Mustafa Farouk, president of the Federation of Islamic Associations, says the guilty plea is a great relief, which will save families from having to relive the whole event again during a trial.

“Our thinking was that the individual would try to get as much mileage as he can through the trial by getting the opportunity, whatever he can, to espouse his own ideology. The fact that he accepted his guilt and decided to keep it all under wraps, is really a welcome relief.”

He adds: “Now it will allow our country to focus on overcoming Covid-19.”

Prime Minister Jacinda Ardern said in a statement: “These guilty pleas and conviction bring accountability for what happened and also save the families who lost loved ones, those who were injured, and other witnesses, the ordeal of a trial.”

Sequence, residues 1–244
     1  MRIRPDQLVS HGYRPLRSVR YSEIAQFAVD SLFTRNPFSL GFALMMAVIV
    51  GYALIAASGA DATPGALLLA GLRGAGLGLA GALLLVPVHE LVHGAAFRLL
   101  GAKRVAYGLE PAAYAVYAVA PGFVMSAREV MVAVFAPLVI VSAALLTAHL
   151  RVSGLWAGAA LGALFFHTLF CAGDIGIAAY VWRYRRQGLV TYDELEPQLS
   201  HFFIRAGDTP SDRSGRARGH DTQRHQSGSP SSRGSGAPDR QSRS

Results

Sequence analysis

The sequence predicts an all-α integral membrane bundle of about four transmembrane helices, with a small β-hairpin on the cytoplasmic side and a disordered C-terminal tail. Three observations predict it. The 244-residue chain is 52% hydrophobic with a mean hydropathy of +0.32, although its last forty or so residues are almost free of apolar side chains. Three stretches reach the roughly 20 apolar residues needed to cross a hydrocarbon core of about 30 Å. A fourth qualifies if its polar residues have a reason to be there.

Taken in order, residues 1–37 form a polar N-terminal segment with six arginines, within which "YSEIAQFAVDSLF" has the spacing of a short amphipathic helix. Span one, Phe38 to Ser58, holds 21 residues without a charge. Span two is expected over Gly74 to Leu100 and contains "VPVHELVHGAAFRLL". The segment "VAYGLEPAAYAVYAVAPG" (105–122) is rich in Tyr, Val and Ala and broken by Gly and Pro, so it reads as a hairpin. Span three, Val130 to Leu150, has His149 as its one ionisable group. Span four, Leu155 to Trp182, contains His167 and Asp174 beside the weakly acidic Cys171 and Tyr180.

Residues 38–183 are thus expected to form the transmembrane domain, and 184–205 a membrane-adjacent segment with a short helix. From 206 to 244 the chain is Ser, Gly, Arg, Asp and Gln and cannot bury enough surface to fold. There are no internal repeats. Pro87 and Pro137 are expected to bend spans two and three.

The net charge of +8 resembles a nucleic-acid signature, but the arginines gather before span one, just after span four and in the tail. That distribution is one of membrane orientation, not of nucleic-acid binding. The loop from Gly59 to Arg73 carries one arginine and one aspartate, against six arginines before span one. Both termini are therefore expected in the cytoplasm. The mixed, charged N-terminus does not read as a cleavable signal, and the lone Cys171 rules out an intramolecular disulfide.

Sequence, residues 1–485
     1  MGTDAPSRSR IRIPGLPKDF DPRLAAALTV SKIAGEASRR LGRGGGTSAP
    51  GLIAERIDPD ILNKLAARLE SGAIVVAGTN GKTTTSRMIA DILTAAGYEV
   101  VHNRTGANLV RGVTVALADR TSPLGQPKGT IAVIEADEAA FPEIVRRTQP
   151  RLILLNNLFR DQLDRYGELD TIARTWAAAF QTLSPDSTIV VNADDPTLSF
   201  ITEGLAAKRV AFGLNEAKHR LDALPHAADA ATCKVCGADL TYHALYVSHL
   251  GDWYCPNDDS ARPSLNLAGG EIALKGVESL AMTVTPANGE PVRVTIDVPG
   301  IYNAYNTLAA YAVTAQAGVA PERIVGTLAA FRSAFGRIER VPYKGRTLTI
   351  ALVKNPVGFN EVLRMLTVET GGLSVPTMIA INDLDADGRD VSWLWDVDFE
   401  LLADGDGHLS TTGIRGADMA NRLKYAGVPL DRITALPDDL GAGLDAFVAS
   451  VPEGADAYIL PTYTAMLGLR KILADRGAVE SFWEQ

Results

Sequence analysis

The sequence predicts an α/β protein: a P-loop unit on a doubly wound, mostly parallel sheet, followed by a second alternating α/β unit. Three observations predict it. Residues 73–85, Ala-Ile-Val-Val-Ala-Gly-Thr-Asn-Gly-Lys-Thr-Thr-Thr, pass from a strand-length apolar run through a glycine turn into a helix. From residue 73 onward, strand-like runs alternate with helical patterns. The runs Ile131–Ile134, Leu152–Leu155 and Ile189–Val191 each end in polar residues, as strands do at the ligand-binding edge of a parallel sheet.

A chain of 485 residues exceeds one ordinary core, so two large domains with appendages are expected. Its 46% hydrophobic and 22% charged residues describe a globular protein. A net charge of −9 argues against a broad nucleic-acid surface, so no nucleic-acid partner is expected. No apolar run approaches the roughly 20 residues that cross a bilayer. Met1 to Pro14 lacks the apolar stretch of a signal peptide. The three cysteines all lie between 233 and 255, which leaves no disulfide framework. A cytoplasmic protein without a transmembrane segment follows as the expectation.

Hearing scheduled at short notice

Police Commissioner Mike Bush said the appearance was scheduled "at short notice after the defendant indicated, via his counsel on Tuesday afternoon, that he wished to be brought before the court".

Tarrant appeared via video-link from Auckland's Paremoremo Prison to change his pleas.

In a minute released this morning, Justice Cameron Mander says there were only 17 people present for today’s hearing – including the imams of the Linwood and Al-Noor mosques, and six journalists. “It is regrettable that the Covid-19 restrictions that presently apply prevented victims and their families from being able to travel and be present when the defendant entered his pleas of guilty.”

He adds: “The entry of guilty pleas represents a very significant step towards bringing finality to this criminal proceeding, and I considered the need to take the opportunity to progress the matter was particularly acute coming, as it has, at a time when the risk of further delay as a result of Covid-19 was looming as a realistic possibility.”